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Jamal Khashoggi was strangled and his body cut into pieces by a Saudi hit squad inside the consulate, according to Turkish officials © AFP/File / MOHAMMED AL-SHAIKH


Who killed Khashoggi and why: NGO files torture suit in France against Saudi General

NAIROBI, Kenya May 2 – An NGO filed a case against a Saudi general in a Paris court on Friday, accusing him of being responsible for the torture of journalist Jamal Khashoggi in 2018, its lawyer said.

Khashoggi was tortured, killed and dismembered inside the Saudi consulate in Istanbul after going there to get documents for his wedding.

The Gulf Centre for Human rights (GCHR) holds General Ahmad al-Assiri, a former intelligence official,  responsible for the “physical and psychological abuse” that Khashoggi suffered just before his death, the NGO’s lawyer William Bourdon said.

French courts have universal jurisdiction over crimes of torture, but not in murder cases, which is why the GCHR suit focuses on the torture claim and not the subsequent killing of Khashoggi, Bourdon told AFP.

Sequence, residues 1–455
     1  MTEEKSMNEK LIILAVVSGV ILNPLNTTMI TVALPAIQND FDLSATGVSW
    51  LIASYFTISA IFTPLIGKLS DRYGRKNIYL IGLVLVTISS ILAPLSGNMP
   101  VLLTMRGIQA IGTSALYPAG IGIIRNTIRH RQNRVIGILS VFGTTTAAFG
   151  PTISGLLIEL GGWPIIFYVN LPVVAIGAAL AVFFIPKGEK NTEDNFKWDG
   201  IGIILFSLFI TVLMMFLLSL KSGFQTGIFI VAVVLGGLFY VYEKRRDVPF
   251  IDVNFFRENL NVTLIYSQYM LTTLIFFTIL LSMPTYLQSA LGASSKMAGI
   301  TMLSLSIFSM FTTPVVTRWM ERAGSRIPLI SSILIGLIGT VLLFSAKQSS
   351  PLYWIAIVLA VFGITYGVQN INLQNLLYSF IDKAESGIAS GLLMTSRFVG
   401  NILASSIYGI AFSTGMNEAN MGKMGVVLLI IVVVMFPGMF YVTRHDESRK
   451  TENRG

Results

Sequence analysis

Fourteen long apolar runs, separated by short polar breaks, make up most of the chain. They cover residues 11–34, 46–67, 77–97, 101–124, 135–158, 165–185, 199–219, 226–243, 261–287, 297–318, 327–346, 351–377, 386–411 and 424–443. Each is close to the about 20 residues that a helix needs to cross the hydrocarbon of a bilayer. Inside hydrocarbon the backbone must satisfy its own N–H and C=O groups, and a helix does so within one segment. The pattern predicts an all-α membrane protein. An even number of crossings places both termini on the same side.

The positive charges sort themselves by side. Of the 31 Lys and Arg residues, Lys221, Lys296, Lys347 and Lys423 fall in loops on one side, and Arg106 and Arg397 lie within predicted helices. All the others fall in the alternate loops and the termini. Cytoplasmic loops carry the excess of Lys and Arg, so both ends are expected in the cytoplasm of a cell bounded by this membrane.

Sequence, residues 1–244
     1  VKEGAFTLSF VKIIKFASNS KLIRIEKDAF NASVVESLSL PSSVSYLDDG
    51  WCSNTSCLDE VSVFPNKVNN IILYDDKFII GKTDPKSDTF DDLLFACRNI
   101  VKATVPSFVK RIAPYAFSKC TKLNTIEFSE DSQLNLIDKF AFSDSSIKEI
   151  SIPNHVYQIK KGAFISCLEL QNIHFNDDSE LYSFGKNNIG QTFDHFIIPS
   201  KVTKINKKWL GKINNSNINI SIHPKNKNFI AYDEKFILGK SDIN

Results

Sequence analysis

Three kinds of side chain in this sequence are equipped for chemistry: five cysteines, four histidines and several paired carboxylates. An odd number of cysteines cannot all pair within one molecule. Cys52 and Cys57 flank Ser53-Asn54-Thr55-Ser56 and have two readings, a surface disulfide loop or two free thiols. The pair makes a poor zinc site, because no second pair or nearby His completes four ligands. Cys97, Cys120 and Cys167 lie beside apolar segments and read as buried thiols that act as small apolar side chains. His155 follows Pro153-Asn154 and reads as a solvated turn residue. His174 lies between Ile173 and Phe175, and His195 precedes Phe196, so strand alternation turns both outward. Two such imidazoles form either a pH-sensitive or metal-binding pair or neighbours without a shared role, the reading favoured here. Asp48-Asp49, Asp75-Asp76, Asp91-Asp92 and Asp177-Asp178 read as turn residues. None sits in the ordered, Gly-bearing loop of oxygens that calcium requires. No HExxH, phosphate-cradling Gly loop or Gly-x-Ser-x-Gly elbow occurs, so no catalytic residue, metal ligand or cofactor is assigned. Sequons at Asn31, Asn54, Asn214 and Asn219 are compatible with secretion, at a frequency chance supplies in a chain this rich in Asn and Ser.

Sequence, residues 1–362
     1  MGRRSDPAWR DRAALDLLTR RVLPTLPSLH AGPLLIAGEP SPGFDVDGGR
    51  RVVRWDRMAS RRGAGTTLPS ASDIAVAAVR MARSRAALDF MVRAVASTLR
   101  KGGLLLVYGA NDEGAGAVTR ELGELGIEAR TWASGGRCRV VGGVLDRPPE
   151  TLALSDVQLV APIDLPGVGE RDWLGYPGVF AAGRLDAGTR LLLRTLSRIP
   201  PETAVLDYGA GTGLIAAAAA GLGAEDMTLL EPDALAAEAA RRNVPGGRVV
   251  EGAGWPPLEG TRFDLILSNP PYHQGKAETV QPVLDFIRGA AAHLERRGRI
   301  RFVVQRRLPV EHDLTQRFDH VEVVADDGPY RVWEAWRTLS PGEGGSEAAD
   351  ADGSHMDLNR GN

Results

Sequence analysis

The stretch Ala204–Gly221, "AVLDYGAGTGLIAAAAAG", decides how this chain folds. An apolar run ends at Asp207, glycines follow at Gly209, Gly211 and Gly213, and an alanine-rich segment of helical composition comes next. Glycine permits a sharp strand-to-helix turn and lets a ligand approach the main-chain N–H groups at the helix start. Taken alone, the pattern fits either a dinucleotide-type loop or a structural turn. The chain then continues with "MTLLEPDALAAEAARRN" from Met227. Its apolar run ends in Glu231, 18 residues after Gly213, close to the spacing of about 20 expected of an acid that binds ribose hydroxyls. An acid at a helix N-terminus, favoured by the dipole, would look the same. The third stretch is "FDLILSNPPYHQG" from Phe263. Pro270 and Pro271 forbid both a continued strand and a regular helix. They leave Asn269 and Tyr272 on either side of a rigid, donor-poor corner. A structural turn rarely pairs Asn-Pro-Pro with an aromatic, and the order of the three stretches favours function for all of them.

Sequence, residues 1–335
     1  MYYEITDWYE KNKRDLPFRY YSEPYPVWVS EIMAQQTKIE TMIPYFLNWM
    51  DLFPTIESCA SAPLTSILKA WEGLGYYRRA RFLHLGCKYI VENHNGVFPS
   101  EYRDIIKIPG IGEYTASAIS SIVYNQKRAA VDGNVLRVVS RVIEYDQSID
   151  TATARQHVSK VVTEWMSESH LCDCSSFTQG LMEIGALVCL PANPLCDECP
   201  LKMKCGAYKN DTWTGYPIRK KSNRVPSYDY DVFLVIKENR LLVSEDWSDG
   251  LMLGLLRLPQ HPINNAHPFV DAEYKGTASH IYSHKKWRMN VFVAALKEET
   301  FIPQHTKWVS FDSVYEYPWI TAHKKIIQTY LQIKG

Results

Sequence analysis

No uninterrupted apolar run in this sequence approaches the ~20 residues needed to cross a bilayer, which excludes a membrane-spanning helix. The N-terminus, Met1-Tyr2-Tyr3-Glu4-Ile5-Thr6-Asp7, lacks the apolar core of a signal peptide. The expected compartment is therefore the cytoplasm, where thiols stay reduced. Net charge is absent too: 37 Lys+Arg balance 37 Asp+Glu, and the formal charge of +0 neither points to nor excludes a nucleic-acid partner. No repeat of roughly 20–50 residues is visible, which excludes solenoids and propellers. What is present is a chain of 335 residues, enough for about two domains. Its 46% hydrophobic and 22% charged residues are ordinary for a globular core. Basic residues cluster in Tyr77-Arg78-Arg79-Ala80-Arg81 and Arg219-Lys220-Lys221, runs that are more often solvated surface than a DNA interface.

In February, the US imposed sanctions on Assiri as well as an elite Saudi unit for their role in the killing.

The Treasury Department said it would block assets and criminalise transactions with the Rapid Intervention Force, which a declassified intelligence report said was answerable to Crown Prince Mohammed bin Salman, as well as al-Assiri.

The French complaint lodged Friday says Assiri was “the organiser and the planner of the mission which led to the torture and then to the murder of the journalist”, according to files seen by AFP.

Assiri, part of the crown prince’s inner circle, was exonerated in a closed-door trial in Saudi Arabia that was sharply criticised by rights groups.

The 59-year-old Khashoggi was strangled and had his body cut into pieces by a 15-man Saudi squad inside the Istanbul consulate, according to Turkish officials. His remains have not been found.  

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A Saudi court sentenced 11 unidentified defendants in December 2019 for the killing after international pressure.

“France has a strong obligation to capture those who are suspected of acts of torture if they are on our territory,” Bourdon said, adding that Assiri “is probably in France now, or at least comes here regularly”.

The general, who speaks French and once studied at France’s Saint-Cyr military academy, “is a regular at the defence ministry where he has his contacts”, Bourdon said.

GCHR, based in Lebanon, provides support and protection to human rights defenders in the Gulf region and neighbouring countries.

The Saudi embassy in Paris could not immediately be reached for comment.


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